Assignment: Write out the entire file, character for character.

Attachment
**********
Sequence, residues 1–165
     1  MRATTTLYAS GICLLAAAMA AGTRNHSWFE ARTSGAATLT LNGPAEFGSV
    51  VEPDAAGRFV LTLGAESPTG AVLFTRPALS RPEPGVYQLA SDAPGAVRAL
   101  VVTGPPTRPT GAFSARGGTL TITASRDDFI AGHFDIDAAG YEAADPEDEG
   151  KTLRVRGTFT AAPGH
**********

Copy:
Sequence, residues 1–165
     1  MRATTTLYAS GICLLAAAMA AGTRNHSWFE ARTSGAATLT LNGPAEFGSV
    51  VEPDAAGRFV LTLGAESPTG AVLFTRPALS RPEPGVYQLA SDAPGAVRAL
   101  VVTGPPTRPT GAFSARGGTL TITASRDDFI AGHFDIDAAG YEAADPEDEG
   151  KTLRVRGTFT AAPGH